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Teeter-totter effect: a new mechanism to understand shoe-related improvements in long-distance running
  1. Benno M Nigg,
  2. Sasa Cigoja,
  3. Sandro R Nigg
  1. Human Performance Laboratory, Faculty of Kinesiology, University of Calgary, Calgary, Alberta, Canada
  1. Correspondence to Dr Benno M Nigg, Human Performance Laboratory, Faculty of Kinesiology, University of Calgary, Calgary, AB T2L 1N4, Canada; nigg{at}ucalgary.ca

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The effect of shoe mid-sole construction on running performance was discussed with reference to the Nike Vaporfly 4%.1 Drs Burns and Tam described the mid-sole thickness as the major running shoe characteristic that contributes to changes in performance. Here, we highlight the role of the curved carbon fibre plate embedded in the mid-sole, and introduce a new effect on running mechanics, the ‘teeter-totter effect’.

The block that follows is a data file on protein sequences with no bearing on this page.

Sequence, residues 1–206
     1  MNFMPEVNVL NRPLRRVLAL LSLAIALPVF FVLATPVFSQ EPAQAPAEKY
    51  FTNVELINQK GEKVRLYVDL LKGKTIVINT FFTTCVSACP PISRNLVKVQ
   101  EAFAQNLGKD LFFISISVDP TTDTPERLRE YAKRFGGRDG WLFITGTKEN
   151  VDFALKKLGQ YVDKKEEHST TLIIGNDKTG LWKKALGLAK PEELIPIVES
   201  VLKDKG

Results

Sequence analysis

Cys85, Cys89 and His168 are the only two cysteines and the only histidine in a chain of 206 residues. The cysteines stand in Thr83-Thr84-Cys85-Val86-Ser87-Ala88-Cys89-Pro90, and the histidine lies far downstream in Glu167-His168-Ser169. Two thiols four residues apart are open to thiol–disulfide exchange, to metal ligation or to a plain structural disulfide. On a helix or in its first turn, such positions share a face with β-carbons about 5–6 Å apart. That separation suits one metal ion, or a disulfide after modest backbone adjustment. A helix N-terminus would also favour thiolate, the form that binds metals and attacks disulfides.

During ground contact in running, the point of application of the ground reaction force moves anteriorly during the second half of ground contact towards the front end of the curved carbon fibre plate. We suggest that, in this position, the ground reaction force produces a ‘reaction’ force at the heel in upward direction (perpendicular to the direction of the plate; figure 1).

Figure 1

Schematic illustration of the teeter-totter effect including the application point of the ground reaction force (red full circle) and its translation (red broken circle and line), the applied force of the runner (black arrow) at the front part of the shoe and the reaction force at the heel of the foot (red arrow) during early/mid-stance (left orientation) and push-off (right orientation). Image modified from nike.com.

If the curvature of the plate is designed correctly, the teeter-totter …

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